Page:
a couple of relaxing days at Mukambi Lodge. This is real luxury bush camping. Situated right on the river in the heart of the Kafue National Park, this is the place that dreams are made of. Elephants, lions, hyenas and hippos roam free and the sounds at night while you are safely tucked in your four-poster bed are magical (Check out the African Adventure page for more info). Marianne and I enjoyed a game drive (where the highlight was 5 lion cubs), sunset river boat cruise (with rather large G&T’s), and on our last morning we had to tip toe around a big bull elephant to get to our breakfast! We were in heaven! Really. If you get the opportunity to go there – DO! Kafue National Park is one of the largest unspoilt wildernesses in the world and is worth seeing! Zambia needs more tourism too! 

Back in the hustle and bustle of Lusaka, I met up with the Zambezi bikers. What a great bunch! These guys took me for brecci and offered me some contacts along the way. The final surprise was from Ginty (a retired bike racer who still seems to have his hand in anything bike or petrol related). As I was heading towards the Malawi border, Ginty messages me and says that he has managed to get me a complimentary room at the rather posh Protea Hotel in Chipata. The perfect pit stop before crossing into Malawi and of course, the perfect end to my stay in Zambia. I really am spoilt now! I don’t think I have ever had so many luxury stops! I expect it to get back to basics after this so I am making the most of it and very very grateful for the kindness shown to this scruffy straggler! You are all welcome in my caravan in Wales anytime you like (Mum get the kettle on!).

My last ride in the country was a beautiful one. The roads were in great condition and the countryside stretched out for miles around me in the cool morning breeze. Dotted with rustic villages and the usual fruit stalls, I pottered on through waving to the kids as I went. I felt relaxed and happy. My shoulder wasn’t even hurting. All that luxury living had paid off! The thing that made me stop though was the sight of some kids selling cooked mice on a stick!! Not something I had seen before. Tempting as it was to try, I decided against it, but gave them a few Kwatcha anyway.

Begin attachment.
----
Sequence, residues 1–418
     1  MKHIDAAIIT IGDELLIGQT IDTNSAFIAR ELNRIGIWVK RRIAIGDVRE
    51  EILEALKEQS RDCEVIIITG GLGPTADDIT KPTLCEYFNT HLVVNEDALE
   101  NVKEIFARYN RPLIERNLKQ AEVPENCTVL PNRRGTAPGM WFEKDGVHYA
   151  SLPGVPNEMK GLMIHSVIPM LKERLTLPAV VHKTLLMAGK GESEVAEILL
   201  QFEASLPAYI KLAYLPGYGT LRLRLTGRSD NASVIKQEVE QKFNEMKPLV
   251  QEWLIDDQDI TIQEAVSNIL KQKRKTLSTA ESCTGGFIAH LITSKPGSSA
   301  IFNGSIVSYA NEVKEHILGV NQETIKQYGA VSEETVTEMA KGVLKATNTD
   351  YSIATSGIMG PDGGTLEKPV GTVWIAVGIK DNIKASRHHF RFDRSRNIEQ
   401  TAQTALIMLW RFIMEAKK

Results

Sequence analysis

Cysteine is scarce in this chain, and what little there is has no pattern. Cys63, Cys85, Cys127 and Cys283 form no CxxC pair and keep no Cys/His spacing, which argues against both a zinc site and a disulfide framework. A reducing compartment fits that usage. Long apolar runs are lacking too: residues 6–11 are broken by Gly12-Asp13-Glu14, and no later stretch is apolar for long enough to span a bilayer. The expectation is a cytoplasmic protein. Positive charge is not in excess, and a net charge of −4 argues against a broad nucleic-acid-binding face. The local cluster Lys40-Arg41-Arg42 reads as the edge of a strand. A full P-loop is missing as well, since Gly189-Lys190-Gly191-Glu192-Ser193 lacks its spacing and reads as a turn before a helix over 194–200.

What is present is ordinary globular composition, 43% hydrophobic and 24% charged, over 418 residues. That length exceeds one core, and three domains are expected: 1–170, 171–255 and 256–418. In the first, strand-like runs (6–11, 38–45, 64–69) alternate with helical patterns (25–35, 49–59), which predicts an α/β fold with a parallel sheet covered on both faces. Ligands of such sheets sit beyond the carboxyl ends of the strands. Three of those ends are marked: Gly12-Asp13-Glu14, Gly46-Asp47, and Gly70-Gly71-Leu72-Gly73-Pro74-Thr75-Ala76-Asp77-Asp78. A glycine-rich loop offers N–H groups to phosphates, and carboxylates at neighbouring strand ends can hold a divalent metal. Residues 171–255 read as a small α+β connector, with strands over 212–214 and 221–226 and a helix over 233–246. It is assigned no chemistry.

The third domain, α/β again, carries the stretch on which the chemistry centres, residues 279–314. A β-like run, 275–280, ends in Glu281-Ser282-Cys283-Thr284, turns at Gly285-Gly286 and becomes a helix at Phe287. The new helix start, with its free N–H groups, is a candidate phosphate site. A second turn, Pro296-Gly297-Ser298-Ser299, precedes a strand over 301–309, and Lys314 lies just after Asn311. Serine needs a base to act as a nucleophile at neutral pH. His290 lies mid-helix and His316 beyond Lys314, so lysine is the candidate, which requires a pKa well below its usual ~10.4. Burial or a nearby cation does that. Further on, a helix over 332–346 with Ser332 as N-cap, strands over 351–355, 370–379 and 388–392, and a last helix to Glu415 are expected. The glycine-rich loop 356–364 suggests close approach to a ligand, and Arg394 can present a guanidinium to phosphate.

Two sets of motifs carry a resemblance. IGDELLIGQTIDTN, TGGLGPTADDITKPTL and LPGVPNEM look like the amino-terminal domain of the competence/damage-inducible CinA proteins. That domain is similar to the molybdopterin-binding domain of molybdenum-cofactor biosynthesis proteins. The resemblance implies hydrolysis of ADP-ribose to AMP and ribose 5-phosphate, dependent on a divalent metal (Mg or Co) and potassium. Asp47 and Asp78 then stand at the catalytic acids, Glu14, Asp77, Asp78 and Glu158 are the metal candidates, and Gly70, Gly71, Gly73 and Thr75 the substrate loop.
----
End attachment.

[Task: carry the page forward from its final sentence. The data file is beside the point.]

Another African country that just isn't that scary! Who'd have thought! 😼

Tomorrow I see what Malawi has in store for me!

Thanks so much to Honda Zambia for giving Rhonda a free service. Thank you to Robyn and Etienne for my stay at Mukambi lodge. Special thanks once again to Ian in Livingtone, Remco and Marianne who put me up and fed me, and of course big hugs to the Zambezi bikers and everyone who has made my time here extremely memorable. 

See you next time around! 






Thursday, 5 October 2017

Livingstone, I presume!

Elephants on Chobe River
I'm with Livingstone when he said that Victoria Falls was a scene so lovely it must have been gazed upon by angels. I mean it probably wouldn't have been my choice of words when you consider the type of friends I have! They would have been checking my pockets for a secret stash of particularly intense marijuana if I had used EXACTLY those words! Non the less - our sentiments and the emotions it conjures up are still the same today as they were back then. Of that, I am sure. In fact, thankfully Africa still has many sights that leave you breathless and in awe of mother nature (no stimulants required!). But be careful! It's addictive!

Sunday, 1 October 2017

Scary Africa!